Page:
- As part of its planned activities for 2018, the African Institute for Remittances (AIR) envisages visits to different countries for the purpose of sharing experiences and best practices. Such visits provide an opportunity for Members States, especially those benefitting from the Technical Assitance (TA) program, to gain in-depth knowledge of the remittances markets in different countries and to identify scalable actions. Identification of the countries to visit is based on the nature of the remittances markets, and the ensuing regulatory and legal reforms in place to facilitate the leveraging of remittances for social and economic development and financial inclusion. For 2018, one of the countries identified is Morocco.
- Since the 1960s, the Moroccan government has encouraged emigration on political and economic grounds. Twelve years after Independence, Morocco’s budgetary plans (1968-72) proposed emigration as one of the solutions to solving the under- and unemployment problem, a policy which would simultaneously provide an increase in foreign currency through remittances. Migrant transfers would help finance internal investments, local employment and the creation of a group of nationals with professional skills and attitudes acquired in Europe and favorable to economic development. In particular, remittances were expected to make a contribution to prosperity.
- The strong economic growth in Western Europe in the 1960s resulted in great demand for low-skilled labor. Morocco signed labor recruitment agreements with the former West Germany (1963), France (1963), Belgium (1964), and the Netherlands (1969). This was the onset of a spatial diversification of Moroccan emigration, which had been mainly directed towards France.
- Building on foundations already in place, the 1973-77 five-year plan further proposed methods of stimulating emigration services in Morocco and setting up a network of social bureaux abroad. Activities in favor of emigration and the conclusion of labor agreements with different receiving countries would further enhance development, as would the creation of emigration funds designated to aid potential migrants with the costs of establishing themselves abroad (Leichtman, 2002).
- In 2003, the Global Development Finance Annual Report took formal notice of remittances as an important source of external development finance for the first time, listing Morocco as the 4th largest remittance recipient among developing countries. The World Bank further estimates that remittances to Morocco reached $6.9 billion in 2016, coming mostly from France, Spain, and Italy. In recent years, it has become easier, cheaper, and more attractive for Moroccans to remit money because of a government-encouraged expansion of Moroccan bank branches in Europe, the lifting of restrictions on foreign exchange, fiscal measures that favor migrants, and devaluations that increase the value of foreign currency.
- In 2011, the average costs of transferring €140 between six countries in Europe (Belgium, France, Netherlands, Spain and Italy) and Morocco was 9.1 per cent.The cost of remittances transfers has reduced considerably to reach an average of about 5.2 per cent, for example, for remittances from France in 2017. Morocco has also been relatively successful in channeling remittances through official channels. Morocco therefore provides a good case study for identification of the necessary policy reforms that contribute to reduction in remittance transfer costs and leveraging remittances for social and economic development.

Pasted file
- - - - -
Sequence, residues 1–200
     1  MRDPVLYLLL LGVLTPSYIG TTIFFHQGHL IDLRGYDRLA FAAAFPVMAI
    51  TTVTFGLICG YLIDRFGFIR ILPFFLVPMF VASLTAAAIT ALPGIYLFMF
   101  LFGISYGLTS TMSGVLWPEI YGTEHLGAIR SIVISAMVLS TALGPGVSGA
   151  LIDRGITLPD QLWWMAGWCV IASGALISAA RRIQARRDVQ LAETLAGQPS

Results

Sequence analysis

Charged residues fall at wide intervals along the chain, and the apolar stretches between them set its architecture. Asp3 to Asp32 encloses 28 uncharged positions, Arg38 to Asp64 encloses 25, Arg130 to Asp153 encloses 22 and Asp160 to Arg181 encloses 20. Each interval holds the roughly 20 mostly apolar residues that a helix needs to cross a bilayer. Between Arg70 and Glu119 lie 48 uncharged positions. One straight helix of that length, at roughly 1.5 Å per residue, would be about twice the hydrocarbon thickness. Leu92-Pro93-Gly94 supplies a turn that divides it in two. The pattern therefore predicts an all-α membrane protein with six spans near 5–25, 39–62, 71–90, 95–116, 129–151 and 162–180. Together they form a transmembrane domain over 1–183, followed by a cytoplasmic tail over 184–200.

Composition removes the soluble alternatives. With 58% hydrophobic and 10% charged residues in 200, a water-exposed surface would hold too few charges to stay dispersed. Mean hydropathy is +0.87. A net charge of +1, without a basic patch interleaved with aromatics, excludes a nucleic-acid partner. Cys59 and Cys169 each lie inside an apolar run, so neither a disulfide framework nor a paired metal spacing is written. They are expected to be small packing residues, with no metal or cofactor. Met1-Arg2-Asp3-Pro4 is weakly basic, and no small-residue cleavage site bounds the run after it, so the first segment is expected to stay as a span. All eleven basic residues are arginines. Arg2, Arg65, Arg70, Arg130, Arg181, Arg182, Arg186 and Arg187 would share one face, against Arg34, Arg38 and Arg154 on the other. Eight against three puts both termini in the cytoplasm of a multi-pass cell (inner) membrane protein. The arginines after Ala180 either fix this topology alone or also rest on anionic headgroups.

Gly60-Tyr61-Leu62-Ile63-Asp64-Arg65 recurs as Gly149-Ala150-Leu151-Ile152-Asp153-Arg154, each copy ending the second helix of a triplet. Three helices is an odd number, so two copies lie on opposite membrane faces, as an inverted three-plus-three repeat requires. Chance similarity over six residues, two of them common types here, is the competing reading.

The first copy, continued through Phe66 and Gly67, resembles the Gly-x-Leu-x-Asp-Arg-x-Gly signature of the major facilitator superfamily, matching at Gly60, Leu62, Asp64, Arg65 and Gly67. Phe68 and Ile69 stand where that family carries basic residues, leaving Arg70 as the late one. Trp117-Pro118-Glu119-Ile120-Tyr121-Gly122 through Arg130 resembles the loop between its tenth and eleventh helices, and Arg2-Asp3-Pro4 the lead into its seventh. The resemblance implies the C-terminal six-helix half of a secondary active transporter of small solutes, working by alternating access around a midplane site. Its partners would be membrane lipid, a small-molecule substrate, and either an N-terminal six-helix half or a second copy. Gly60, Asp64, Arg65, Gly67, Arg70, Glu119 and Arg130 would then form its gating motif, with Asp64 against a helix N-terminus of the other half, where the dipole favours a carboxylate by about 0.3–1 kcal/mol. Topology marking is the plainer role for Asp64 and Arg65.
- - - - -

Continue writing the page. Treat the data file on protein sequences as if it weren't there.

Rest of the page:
- The Bank Al-Maghrib has undertaken efforts to strengthen cooperation with central banks and other professional entities to develop and facilitate the exchange of experiences and expertise in various areas. Together with professional associations in the financial sector, Bank Al-Maghrib has set up a consultative platform to discuss the main issues concerning the activities of credit institutions and other professional bodies. During these meetings, discussions focus on developments in the banking sector and the main risks associated with it, regulatory reforms, financial inclusion, customer protection and payment systems. In the context of its actions to promote the financing of Very Small Micro Enterprises (VSMEs), Bank Al-Maghrib works with the General Confederation of Moroccan Enterprises (CGEM) to create a favorable environment for the financing of VSMEs, including diaspora remittances.
Objectives of the Visit
This is a preparatory visit by AIR staff to identify best practices and experiences that can be shared with other AU Member States. The overall objective therefore is to gather experiences and lessons learnt in statistics collection/compilation and legal/regulatory reforms in the Moroccan remittances market. The mission will seek to achieve the following specific objectives:
- To discuss the regulatory/legal reforms undertaken by Bank Al-Maghrib in the remittances market including initiatives to mobilize the Diaspora and its economic resources.
- To establish areas of best practices in statistics compilation and regulatory reforms that can be shared with other Member States.
- To assess the factors contributing to the relatively low cost of transfers, especially in the France-Morocco corridor.
- To discuss the Moroccan experience in developing effective strategies to promote the contribution of the Diaspora to the economic transformation of Morocco through investment in (Very Small and Medium Enterprises (VSMEs) and, hence, job creation.
- To consider best practices for leveraging remittances for social and economic development including financial inclusion.
- To identify actions that can be scaled to other Member States.